The radiant (the area of the sky where meteors appear to shoot from) positions and rates listed below are exact for Saturday night/Sunday morning April 29/30. These positions do not change greatly day to day so the listed coordinates may be used during this entire period. Most star atlases (available at science stores and planetariums) will provide maps with grid lines of the celestial coordinates so that you may find out exactly where these positions are located in the sky. I have also included charts of the sky that display the radiant positions for evening, midnight, and morning. The center of each chart is the sky directly overhead at the appropriate hour. These charts are oriented for facing south but can be used for any direction by rotating the charts to the desired direction. A planisphere or computer planetarium program is also useful in showing the sky at any time of night on any date of the year. Activity from each radiant is best seen when it is positioned highest in the sky, either due north or south along the meridian, depending on your latitude. It must be remembered that meteor activity is rarely seen at its radiant position. Rather they shoot outwards from the radiant, so it is best to center your field of view so that the radiant lies at the edge and not the center. Viewing there will allow you to easily trace the path of each meteor back to the radiant (if it is a shower member) or in another direction if it is sporadic. Meteor activity is not seen from radiants that are located far below the horizon. The positions below are listed in a west to east manner in order of right ascension (celestial longitude). The positions listed first are located further west therefore are accessible earlier in the night while those listed further down the list rise later in the night.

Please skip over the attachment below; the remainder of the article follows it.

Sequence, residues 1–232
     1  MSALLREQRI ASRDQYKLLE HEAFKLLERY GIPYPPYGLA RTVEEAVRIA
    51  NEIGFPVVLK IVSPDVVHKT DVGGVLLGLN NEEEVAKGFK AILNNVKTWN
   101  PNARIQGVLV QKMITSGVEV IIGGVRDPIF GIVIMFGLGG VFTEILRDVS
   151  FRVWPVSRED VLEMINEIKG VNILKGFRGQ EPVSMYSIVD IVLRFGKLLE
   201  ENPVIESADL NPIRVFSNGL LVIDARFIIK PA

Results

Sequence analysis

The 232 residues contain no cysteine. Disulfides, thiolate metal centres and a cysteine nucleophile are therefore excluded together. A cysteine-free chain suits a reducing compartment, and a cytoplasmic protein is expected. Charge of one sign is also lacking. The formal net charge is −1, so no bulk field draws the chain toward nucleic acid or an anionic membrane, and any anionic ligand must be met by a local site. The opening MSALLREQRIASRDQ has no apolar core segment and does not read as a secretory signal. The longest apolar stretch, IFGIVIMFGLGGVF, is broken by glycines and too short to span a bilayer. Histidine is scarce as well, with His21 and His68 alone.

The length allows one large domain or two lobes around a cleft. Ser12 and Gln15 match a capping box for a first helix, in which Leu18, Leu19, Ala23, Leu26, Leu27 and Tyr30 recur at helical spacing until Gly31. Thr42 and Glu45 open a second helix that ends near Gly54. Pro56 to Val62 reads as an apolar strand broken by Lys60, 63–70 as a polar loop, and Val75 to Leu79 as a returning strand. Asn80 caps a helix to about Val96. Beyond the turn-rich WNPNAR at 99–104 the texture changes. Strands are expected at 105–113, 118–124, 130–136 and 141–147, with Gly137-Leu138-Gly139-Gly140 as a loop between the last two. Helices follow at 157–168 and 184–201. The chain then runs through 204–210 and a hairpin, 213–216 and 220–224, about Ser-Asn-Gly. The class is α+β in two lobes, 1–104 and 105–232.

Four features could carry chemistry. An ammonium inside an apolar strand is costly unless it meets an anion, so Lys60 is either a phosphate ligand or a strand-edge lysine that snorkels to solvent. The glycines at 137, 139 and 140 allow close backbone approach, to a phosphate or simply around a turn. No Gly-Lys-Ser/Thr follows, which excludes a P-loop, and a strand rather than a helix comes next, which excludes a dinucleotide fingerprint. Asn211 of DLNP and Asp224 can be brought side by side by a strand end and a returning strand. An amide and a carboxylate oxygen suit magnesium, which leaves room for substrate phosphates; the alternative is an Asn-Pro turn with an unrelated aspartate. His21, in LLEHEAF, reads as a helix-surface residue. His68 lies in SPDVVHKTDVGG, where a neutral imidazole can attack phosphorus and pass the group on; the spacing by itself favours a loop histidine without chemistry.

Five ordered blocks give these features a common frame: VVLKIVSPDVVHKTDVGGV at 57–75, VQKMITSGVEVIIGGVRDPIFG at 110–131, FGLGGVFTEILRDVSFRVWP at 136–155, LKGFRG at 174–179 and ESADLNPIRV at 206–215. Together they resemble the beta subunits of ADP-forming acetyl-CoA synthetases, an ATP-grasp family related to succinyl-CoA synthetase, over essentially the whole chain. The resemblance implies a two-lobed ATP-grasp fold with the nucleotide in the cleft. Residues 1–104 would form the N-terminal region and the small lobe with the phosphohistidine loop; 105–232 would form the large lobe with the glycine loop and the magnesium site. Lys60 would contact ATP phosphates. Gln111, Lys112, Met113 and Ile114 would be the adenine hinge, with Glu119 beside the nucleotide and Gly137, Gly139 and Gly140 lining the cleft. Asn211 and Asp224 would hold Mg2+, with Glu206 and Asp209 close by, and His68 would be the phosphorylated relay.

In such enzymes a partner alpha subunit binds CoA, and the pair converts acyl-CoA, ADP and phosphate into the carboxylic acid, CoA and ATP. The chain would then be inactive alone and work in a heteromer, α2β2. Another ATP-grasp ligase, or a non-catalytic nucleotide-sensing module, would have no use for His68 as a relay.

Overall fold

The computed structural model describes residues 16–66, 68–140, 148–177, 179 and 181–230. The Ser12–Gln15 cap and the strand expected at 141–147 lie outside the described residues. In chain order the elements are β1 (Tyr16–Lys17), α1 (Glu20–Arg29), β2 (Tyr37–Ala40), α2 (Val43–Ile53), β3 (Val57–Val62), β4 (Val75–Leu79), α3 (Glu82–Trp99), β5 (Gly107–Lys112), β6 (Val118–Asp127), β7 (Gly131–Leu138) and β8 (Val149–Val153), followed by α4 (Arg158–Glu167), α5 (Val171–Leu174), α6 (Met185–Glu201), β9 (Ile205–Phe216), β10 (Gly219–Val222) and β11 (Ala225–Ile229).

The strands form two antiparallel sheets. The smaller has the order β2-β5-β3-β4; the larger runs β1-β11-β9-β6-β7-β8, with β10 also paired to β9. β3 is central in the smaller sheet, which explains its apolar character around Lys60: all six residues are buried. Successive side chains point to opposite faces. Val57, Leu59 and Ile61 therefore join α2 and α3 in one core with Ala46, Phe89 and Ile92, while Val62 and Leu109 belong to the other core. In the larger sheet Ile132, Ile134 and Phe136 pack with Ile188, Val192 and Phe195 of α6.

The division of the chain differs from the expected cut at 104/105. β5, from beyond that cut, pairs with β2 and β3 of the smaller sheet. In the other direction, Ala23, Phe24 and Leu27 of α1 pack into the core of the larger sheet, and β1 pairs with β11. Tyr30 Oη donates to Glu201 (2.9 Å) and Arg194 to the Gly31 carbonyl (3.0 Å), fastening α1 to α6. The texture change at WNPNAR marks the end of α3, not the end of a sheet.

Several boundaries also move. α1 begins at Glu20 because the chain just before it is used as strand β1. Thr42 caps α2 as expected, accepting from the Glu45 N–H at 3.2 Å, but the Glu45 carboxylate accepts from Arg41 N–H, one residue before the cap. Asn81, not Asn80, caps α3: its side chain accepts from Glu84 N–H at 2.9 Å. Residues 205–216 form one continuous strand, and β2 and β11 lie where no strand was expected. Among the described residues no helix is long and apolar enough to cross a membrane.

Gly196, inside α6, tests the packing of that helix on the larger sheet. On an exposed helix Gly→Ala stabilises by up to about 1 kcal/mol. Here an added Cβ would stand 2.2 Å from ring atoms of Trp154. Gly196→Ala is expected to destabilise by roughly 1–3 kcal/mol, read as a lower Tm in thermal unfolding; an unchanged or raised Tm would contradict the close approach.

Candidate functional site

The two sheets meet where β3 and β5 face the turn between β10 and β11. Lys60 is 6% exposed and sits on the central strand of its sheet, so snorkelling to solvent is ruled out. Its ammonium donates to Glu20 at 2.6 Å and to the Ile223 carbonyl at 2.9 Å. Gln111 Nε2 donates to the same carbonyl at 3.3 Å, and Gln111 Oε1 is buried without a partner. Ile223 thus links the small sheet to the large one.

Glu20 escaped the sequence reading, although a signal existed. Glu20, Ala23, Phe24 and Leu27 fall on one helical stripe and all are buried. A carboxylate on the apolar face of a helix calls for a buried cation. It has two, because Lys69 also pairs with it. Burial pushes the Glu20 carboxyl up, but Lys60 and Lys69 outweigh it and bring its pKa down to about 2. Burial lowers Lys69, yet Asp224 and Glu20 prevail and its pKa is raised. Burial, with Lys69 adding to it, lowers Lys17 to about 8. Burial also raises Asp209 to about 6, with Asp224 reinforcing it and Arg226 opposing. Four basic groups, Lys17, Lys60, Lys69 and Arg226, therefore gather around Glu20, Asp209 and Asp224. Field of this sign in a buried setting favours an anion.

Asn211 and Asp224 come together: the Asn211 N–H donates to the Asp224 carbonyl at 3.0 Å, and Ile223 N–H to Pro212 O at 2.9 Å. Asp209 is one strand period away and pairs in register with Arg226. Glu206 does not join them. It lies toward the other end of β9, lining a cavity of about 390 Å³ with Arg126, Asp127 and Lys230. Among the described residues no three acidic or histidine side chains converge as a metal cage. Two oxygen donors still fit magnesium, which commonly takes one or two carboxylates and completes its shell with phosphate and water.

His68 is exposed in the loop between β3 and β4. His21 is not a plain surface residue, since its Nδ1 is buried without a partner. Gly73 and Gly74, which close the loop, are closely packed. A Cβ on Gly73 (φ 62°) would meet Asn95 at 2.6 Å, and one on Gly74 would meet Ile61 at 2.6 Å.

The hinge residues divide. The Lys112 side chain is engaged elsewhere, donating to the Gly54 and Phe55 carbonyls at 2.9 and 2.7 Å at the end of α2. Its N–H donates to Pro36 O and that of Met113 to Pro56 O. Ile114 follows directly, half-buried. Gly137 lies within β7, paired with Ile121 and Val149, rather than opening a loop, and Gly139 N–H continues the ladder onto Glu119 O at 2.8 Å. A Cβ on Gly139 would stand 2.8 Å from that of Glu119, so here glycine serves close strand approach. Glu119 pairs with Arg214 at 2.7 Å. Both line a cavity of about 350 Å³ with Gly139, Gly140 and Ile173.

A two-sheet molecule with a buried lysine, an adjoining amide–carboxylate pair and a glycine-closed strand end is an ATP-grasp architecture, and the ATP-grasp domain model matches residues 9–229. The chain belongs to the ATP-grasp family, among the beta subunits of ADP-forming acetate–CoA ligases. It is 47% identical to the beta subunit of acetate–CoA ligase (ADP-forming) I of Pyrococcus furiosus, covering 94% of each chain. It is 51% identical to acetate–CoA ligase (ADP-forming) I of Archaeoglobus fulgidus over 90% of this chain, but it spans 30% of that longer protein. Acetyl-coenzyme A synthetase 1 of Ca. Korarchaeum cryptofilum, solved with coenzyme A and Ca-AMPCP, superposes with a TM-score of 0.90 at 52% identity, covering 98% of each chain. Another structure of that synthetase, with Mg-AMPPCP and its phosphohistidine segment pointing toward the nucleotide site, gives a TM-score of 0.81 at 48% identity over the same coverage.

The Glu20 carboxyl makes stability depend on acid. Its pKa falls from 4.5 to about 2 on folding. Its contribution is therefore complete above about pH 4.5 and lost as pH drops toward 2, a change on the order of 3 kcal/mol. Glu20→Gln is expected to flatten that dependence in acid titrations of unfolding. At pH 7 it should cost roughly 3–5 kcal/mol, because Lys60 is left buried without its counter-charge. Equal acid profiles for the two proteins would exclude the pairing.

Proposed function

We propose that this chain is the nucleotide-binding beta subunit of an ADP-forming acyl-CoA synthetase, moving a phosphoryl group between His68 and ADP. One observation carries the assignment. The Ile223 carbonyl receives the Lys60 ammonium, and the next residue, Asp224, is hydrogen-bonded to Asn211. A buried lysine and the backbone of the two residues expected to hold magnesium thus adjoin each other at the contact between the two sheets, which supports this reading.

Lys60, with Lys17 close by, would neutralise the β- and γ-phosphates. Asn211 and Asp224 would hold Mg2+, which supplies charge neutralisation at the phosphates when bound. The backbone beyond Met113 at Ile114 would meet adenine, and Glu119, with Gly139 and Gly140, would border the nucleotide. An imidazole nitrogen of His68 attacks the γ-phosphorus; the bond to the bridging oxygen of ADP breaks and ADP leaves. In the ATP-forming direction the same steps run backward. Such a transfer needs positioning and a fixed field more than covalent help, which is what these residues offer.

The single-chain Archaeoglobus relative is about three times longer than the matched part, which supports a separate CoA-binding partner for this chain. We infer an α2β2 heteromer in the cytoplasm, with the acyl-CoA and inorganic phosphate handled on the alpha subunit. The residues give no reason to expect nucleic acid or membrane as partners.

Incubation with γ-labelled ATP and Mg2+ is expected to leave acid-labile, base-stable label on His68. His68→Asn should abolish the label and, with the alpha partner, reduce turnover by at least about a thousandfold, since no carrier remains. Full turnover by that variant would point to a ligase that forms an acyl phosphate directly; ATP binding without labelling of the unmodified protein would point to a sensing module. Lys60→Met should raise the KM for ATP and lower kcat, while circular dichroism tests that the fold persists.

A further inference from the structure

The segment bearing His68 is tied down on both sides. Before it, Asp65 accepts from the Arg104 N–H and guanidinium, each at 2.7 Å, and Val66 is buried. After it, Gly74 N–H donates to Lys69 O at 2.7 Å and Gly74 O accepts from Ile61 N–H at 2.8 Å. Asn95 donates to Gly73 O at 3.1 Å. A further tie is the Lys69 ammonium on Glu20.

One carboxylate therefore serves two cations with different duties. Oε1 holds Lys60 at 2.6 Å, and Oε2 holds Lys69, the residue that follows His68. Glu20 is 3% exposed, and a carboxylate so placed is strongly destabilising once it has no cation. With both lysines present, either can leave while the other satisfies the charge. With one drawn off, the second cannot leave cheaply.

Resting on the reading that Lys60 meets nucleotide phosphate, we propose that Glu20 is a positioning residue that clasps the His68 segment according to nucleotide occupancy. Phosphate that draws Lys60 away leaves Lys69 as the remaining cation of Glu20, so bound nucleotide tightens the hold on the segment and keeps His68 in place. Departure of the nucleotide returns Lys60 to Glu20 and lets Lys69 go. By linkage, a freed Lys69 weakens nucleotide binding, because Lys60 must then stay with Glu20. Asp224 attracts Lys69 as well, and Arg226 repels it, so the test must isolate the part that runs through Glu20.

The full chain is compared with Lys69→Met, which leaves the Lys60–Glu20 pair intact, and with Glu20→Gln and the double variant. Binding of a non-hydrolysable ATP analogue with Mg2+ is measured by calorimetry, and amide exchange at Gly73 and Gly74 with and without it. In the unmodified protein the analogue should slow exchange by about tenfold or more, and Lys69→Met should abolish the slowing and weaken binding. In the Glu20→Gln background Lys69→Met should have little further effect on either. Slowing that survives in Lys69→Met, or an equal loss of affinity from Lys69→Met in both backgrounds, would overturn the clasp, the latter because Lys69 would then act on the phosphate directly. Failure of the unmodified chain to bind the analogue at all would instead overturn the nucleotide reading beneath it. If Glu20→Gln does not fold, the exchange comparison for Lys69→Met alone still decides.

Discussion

These sources of meteoric activity are expected to be active this week.
The last of the pi Puppids (PPU) are predicted this weekend from a radiant located at 07:36 (114) -46. This area of the sky is located in central Puppis, 3 degrees southeast of the 3rd magnitude star known as sigma Puppis. This area of the southern sky is best seen as soon as it becomes dark. Rates are variable but expected to be less than 1 per hour no matter your location. These meteors are best seen from the far Southern Hemisphere where the radiant lies much higher in the sky compared to observers further north. With an entry velocity of 15 km/sec., the average meteor from this source would be of very slow velocity.